(Hodder e-book 2011, originally published 1997)
Although this book was only published a few years ago, it’s largely set in the immediate post-war years, though, like Thornyhold, it’s told as though looking back on the past rather than in the immediate here-and-now. Kate Herrick has come up to Scotland from London to visit her grandmother, who works for the Brandons – a land-owning English family whose home in the north of England was requisitioned during the war – at Strathbeg Lodge. Since the Brandons plan to sell the old house and make it into a hotel, Kate (or Kathy, as her grandmother calls her) is asked to return there to remove her grandmother’s treasures and some of her furniture from the tied cottage where she used to live (and where Kathy was brought up). Kate retells her childhood briefly, noting that she was an illegitimate child, whose mother, Lilias, ran away from home when her daughter was six, and was later killed in a bus crash in Ireland.
Willingly, Kate returns to her childhood home, the Rose Cottage of the title, and finds that things are missing – not least her grandmother’s treasures. She meets old friends, tries to find out who might have stolen the belongings, and makes other discoveries about her family.
It’s a rather sweet, nostalgic tale – there’s no childhood unhappiness for Kate to relive, as Gilly does in Thornyhold – a little mystery and foreboding, but not the intense sense of fear and adventure as there is in Stewart’s earlier novels. It’s rather elegiac in tone, I think, as Kate as an old woman looks back on this turning point in her life. Like several of Stewart’s more recent novels, there’s a real sense of attachment to place – the delight of owning a house and belonging to it and being part of its history – which strengthens the sense of looking back, I think, more than the time in which it’s set (although the immediate post-war setting allows Kate to have loved and married and been widowed before she returns to her past). The change of status which she enjoys at the beginning of the book – from Kathy Welland, illegitimate daughter of a servant, to Kate Herrick, widow of a relatively wealthy man – is only mentioned at the beginning, when it makes awkward her interactions with Lady Brandon and cook-housekeeper Morag: when she returns to the village of Todhall (which appears to be somewhere in County Durham) she seems to revert almost completely to the old Kathy which the people there have known.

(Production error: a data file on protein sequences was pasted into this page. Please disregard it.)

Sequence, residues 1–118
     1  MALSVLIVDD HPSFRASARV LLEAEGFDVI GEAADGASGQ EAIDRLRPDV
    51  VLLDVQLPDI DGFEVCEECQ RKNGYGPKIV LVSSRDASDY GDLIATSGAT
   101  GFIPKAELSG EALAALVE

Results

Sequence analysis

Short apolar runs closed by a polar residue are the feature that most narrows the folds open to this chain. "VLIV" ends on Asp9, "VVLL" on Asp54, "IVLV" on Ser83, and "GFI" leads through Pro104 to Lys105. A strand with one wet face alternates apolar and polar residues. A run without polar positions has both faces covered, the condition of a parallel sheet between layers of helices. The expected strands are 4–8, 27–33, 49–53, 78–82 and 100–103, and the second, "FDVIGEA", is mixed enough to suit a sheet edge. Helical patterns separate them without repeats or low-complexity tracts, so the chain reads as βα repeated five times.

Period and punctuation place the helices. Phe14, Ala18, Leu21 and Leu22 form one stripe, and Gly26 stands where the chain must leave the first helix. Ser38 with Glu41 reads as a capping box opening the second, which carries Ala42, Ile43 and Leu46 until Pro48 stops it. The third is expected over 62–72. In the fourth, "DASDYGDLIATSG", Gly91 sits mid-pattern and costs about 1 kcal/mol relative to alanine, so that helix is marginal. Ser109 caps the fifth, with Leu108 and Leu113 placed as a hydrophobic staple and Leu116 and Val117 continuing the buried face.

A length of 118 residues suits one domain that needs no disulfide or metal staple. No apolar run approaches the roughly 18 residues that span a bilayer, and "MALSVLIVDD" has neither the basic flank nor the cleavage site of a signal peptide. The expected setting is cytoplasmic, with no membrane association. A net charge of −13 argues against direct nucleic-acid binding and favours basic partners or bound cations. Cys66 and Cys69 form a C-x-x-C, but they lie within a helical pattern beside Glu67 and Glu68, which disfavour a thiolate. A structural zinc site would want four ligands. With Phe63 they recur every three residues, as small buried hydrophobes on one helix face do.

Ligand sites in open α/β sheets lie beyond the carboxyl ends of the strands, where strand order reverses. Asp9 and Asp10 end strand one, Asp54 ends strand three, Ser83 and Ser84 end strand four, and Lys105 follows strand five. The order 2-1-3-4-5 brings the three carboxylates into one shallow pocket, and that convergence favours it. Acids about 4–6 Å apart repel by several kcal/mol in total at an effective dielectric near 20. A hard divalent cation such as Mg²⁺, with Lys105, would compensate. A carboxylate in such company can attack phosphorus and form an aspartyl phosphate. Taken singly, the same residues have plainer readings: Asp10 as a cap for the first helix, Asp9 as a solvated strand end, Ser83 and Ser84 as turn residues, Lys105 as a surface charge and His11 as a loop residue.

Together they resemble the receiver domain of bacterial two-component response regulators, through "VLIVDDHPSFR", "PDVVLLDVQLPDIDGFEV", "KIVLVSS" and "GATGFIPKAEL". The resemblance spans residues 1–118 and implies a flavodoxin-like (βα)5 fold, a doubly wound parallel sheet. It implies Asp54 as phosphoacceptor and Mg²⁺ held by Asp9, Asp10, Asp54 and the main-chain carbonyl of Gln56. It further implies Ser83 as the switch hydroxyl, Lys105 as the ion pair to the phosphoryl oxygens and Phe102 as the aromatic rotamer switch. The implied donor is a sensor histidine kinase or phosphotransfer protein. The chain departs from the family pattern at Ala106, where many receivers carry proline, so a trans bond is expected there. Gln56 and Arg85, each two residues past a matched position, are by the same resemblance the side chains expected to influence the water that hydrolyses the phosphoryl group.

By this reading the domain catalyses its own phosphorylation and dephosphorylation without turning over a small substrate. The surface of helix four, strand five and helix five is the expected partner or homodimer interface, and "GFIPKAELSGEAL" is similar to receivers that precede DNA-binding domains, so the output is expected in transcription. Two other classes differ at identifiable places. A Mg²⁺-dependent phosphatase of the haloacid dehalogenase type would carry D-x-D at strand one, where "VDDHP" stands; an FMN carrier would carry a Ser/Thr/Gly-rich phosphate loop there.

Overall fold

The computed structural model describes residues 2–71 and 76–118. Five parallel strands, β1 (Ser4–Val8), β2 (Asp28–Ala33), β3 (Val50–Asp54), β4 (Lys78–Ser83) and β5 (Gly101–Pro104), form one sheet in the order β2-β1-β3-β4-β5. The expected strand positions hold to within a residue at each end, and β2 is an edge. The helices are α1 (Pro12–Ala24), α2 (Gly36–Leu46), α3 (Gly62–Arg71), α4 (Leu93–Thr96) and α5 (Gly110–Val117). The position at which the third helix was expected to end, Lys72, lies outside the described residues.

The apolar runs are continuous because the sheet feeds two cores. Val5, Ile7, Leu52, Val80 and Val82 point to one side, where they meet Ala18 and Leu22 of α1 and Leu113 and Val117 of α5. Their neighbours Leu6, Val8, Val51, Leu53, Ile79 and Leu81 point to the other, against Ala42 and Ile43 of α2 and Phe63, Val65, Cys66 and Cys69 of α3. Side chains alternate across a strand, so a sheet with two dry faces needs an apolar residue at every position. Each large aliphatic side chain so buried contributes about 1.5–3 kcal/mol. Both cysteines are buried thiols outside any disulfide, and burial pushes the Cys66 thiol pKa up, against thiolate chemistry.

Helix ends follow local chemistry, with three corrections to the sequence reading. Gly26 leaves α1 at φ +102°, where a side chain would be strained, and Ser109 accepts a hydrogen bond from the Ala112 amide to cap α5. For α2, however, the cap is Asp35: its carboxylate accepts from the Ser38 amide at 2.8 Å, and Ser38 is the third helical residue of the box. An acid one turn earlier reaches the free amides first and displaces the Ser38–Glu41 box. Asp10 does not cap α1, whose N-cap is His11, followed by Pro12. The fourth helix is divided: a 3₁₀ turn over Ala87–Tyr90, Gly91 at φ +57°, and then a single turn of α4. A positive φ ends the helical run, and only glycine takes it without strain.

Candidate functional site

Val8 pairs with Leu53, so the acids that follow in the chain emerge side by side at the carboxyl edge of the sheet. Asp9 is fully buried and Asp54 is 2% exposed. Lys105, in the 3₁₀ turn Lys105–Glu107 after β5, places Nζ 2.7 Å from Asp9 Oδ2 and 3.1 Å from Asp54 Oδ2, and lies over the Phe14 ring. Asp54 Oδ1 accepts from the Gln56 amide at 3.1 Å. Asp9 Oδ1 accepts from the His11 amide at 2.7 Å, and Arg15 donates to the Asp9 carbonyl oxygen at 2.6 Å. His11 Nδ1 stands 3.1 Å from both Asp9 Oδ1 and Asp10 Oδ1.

It’s beautifully-written, as usual, and Kate is an appealing protagonist: the story is very slight, but Stewart fleshes it out with colour and amusing characters, love of nature, and touches of the supernatural. While I enjoyed it, it’s certainly not the best of Stewart’s novels; there’s a vigour and freshness lacking; I’d recommend starting with one of her earlier novels.
Hi Ela, I love your reviews of Mary Stewart’s books! Mary Stewart is one of my comfort reads, I read all her non-Arthurian books when I was a teenager and they stuck in my mind and formed my view of the sort of stong, slightly stroppy woman I would like to grow up to be. (Moonspinners, My Brother Michael and This Rough Magic were faves). It is wonderful to read your reviews of them. Like bumping in to old friends. I really like your blog, Ela. I linked to your review of To The Lighthouse in one of my posts. Warmest regards and happy reading! Brigid
Thanks very much, Brigid. I noticed you’d linked to my review of ‘To The Lighthouse’, and liked your reviews.
Mary Stewart’s books are lovely, with real heroines and real problems they have to solve. I think I’d only read a couple before Hodder recently reissued them, and I think ‘The Ivy Tree’ is my favourite.